So then why do some recipes call for both?? Using both gurantee's that your baked good WILL rise. And SOMETIMES recipes call for Baking Soda, Baking Powder AND an acid. My recent quick bread recipe did this. why? When the Baking Soda and Vinegar come into contact a reaction happens quickly. This will give your baked goods a nice boost early in the cooking process. Eventually the Baking Soda will neautrolize the acids in the recipe- and at this point the Baking Powder takes over and provides the rest of the "lift". Think of those volcano's you made as a child- after the initial burst of foam that the Vinegar and Baking Soda created- it fizzled down to nothing right? Same concept happens in the oven. Due to this- whenever you are combining Baking Soda and an Acid get it into the oven as quick as possible after mixing.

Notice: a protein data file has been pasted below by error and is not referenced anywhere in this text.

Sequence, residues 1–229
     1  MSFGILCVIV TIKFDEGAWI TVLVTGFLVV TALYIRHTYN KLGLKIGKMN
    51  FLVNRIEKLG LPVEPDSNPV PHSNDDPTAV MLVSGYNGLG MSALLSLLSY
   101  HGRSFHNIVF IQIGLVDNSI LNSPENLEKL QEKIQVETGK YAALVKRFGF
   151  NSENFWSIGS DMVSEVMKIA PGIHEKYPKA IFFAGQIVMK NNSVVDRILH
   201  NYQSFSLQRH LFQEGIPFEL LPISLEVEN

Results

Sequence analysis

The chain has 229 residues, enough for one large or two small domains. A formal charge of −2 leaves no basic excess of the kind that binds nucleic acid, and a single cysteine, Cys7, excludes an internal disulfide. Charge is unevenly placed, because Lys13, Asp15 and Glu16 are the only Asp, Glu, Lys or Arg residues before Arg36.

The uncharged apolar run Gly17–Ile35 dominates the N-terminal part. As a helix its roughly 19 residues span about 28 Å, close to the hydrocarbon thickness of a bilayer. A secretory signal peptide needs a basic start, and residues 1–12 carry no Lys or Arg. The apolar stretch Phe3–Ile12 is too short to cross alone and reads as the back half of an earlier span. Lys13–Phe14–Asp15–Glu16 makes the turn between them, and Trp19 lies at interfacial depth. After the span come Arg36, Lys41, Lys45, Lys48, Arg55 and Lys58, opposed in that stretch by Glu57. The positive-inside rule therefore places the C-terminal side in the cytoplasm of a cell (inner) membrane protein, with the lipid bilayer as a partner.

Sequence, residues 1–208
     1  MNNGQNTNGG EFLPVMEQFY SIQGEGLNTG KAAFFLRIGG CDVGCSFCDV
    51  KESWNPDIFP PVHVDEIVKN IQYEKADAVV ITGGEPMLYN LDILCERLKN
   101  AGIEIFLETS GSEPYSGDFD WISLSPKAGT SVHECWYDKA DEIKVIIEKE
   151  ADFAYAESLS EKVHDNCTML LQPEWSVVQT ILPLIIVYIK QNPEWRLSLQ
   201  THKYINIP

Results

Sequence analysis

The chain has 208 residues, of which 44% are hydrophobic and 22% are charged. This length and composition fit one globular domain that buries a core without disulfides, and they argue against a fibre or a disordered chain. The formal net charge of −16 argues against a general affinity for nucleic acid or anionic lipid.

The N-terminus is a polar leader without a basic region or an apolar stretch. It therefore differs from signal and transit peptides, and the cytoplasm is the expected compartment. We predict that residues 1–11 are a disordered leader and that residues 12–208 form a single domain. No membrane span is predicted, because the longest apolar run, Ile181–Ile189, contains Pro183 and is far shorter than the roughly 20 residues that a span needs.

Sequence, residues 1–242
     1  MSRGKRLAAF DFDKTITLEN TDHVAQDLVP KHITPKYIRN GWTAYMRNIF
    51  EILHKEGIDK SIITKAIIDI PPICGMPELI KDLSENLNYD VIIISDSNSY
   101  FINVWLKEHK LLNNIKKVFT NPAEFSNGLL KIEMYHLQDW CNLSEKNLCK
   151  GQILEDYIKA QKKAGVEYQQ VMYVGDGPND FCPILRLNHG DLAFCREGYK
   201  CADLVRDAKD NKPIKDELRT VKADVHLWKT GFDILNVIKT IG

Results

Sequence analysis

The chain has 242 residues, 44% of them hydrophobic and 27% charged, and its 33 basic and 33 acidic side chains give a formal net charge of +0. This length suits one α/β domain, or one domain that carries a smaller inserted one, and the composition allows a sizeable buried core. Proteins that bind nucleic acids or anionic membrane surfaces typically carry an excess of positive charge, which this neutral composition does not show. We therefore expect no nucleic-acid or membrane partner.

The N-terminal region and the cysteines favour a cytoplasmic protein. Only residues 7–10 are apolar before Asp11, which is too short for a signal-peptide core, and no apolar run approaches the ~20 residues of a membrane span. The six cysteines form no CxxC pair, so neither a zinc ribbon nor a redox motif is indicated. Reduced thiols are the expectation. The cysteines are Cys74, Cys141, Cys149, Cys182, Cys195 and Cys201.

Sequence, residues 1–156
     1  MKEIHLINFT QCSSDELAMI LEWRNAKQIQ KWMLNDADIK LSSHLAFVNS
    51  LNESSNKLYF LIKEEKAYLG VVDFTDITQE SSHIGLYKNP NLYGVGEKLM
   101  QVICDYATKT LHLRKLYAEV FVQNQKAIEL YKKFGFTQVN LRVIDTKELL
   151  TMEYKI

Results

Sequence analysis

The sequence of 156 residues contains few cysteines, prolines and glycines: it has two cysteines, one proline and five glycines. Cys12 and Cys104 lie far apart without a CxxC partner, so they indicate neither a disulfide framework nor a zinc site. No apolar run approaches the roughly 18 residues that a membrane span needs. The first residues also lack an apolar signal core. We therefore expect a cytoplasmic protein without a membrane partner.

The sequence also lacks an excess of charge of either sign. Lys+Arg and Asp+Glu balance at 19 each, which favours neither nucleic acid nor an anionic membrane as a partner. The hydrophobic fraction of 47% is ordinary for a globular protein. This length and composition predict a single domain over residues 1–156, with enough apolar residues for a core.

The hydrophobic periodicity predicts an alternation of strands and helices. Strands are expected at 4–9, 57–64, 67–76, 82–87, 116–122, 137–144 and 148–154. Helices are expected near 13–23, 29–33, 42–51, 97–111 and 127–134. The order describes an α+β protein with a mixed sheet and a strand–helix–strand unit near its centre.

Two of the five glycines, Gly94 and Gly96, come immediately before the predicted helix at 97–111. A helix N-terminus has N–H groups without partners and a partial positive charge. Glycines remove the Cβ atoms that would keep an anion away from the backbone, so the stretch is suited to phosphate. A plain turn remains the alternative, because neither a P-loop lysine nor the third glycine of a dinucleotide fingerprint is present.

Want to make your own Baking Powder? Combine 1/4 Tsp of Baking Soda, 1 Tsp Cornstarch (or Arrowroot or Tapioca) and 1/2 Tsp Cream of Tarter (the Acid component) . This mixture can replace 1 Tsp of Baking Powder in a recipe. Use this baking powder right away- it will not preserve itself as store bought Baking Powder does.
Eggs ( & Egg Substitutes)
Eggs are incredible. For a period last year before I had my gallbladder removed I was unable to tolerate them. Once again I am able to enjoy them- and I am thankful. Today I would like to explain why eggs are used in baking.. some of their special features- and then I'll also go into egg replacements for those that either are unable to use them or simply choose not to. (many of my recipes are still "vegan" these days just because I love the challenge of figuring out alternative ways to bake- and on some occasions I prefer the result that egg substitutions provide).